American moviegoing is in absolute crisis. Like so many other venues for live entertainment, movie theaters everywhere closed their doors as the coronavirus pandemic swept across the US, and a great many still remain dark, facing a threat to their existence not seen since the last time a virus ransacked the world a century ago. Independent theaters, which struggle in the best of times to clear the thinnest of operating margins, have no corporate infrastructure or cash reserves to lean on, and even behemoths like AMC have had to furlough hundreds of employees while the film industry at large tries to figure out what the hell to do amid the catastrophic failure of federal leadership that is America’s (non)response to Covid-19.
What the future holds for movie theaters in America is anyone’s guess—and considering that places like South Korea, which have faced the virus head-on, are still at the mercy of micro-outbreaks, even getting Covid under control may not solve the industry’s problems. Whatever the outcome, it will be a good long while until things are back to normal, until everyone can go to the movies together. But maybe just trying to get everything back to normal isn’t the future of moviegoing at all. Maybe it’s time to ask what good normal was doing for anyone in the first place—anyone not named Bob in the C-suite of the Walt Disney Company, anyway.
Normal was a system where a movie not doubling its budget by the first frame meant it missed the mark. Normal barely left room for theatrical slow rolls where a film could steadily open wider across the country and build its audience through word of mouth, allowing for a chance at grassroots success in the face of tentpoles overwhelming the 3,000-theater launch model. (The radical success of Parasite’s run in 2019 proved the rule by being such a massive exception to it.) Normal was an ecosystem where huge marketing onslaughts created conversations around massive movies at the expense of smaller, more artistically adventurous ones, with entertainment outlets forever trying to find the balance between covering big releases that would get clicks and little ones that need all the support they can get. Normal was a world where Booksmart could go from the deserving darling of major film festival acclaim to alleged “flop” because it, as a boutique studio release, didn’t burn down the box office. Normal reinforced the hegemony of the “four quadrant release” being the only thing worth a studio’s time and money, resulting in “niche stories”—read: ones not about straight white people—being consigned to the sea of on-demand options without the fanfare and support they deserve from executives who sign the checks.
In her expansive 1974 New Yorker essay “On The Future of Movies,” Pauline Kael lamented the death of artful cinema in the face of marketing-driven blockbusters, and railed against the declining tastes of young film fans. “The system that’s destroying [artists] is able to destroy them only as long as they believe in it and want to win within it—only as long as they’re psychologically dependent on it,” the legendary critic wrote. “The system works for those who don’t have needs or aspirations that are in conflict with it; but for the others—and they’re the ones who are making movies—the system does not work anymore, and it’s not going to.” Kael was taking down what she perceived as the triumph of businessmen over creators in Hollywood, but her words ring true when considering the plight of theaters today, too.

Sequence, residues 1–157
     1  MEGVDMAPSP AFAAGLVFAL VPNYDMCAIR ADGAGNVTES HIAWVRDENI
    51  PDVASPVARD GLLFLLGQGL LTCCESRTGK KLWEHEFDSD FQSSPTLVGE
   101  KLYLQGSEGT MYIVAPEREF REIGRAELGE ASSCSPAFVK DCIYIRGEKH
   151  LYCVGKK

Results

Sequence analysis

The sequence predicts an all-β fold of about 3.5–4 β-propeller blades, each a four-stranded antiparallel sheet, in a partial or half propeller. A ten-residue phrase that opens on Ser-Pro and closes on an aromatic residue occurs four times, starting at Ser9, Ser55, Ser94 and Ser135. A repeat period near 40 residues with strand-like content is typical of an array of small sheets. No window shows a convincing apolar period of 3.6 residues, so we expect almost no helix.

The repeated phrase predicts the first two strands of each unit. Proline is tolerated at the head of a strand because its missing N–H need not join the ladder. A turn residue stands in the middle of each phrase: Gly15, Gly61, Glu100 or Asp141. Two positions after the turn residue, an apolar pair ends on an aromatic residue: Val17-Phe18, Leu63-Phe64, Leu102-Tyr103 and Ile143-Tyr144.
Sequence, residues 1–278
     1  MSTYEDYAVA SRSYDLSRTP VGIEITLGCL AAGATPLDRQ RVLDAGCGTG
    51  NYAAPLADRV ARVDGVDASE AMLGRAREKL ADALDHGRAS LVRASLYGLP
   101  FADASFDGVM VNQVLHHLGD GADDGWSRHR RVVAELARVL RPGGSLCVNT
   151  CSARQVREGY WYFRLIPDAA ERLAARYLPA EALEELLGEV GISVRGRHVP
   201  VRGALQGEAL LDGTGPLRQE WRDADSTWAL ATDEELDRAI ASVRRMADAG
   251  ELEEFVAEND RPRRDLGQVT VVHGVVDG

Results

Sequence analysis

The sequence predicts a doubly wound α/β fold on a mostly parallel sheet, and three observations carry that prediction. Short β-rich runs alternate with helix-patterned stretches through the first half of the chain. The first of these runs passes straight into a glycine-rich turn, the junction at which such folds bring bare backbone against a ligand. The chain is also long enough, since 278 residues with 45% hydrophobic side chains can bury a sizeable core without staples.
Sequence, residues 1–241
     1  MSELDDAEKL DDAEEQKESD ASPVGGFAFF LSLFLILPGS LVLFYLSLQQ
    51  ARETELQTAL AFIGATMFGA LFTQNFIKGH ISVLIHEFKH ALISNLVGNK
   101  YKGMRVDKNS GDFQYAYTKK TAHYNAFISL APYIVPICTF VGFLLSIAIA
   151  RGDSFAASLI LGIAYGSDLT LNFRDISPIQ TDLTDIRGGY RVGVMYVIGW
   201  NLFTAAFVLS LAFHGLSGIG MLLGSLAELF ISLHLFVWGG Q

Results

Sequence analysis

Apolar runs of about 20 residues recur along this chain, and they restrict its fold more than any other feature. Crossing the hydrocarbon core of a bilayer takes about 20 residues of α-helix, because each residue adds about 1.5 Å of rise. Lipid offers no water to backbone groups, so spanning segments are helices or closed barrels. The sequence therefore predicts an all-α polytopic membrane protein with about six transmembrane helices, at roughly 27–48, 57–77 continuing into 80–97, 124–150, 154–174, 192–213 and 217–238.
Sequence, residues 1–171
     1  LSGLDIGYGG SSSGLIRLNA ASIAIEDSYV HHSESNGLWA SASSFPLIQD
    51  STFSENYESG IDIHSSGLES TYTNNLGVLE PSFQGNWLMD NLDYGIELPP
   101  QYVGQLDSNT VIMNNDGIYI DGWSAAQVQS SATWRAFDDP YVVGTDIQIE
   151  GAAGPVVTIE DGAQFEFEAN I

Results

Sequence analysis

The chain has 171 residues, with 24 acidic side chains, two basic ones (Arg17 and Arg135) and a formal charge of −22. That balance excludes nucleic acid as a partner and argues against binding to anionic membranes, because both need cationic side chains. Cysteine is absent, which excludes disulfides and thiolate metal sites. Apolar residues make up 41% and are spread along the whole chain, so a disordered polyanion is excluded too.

From Bridge on the River Kwai to Kwaidan, Blade Runner to Blade: Trinity, I love movies, and I love watching movies in theaters. But normal kind of sucked. A system that favored blockbuster hopefuls over independent films flattened the broader conversation about film, which reinforced the need for media outlets to give an inordinate amount of space to quarter-billion-dollar recycled epics (that, reader, I do very much enjoy), which in turn left little room for small-budget fare, which then deprived those movies of the oxygen they need to survive. If hardly anyone talks about indie films, if there’s so little demand, then why bother with supply?
The previously established theatrical pipeline was something of a trap, but the good news is this: from wreckage comes rebirth, and while it’s entirely unclear what the state of the cinema house will be in some hypothetical future when our every public behavior is not determined by the novel coronavirus, I don’t hope it’s the same as when the doors to the multiplexes and arthouses closed this spring. There wasn’t a place for every movie at every theater, and there wasn’t a place for every film lover—not even at the most hip and “inclusive” small chains or independent locations, and those were often luxuries of heavily populated urban centers, anyway. When America goes back to movie theaters one day far away from today, what if the experience is better than we left it?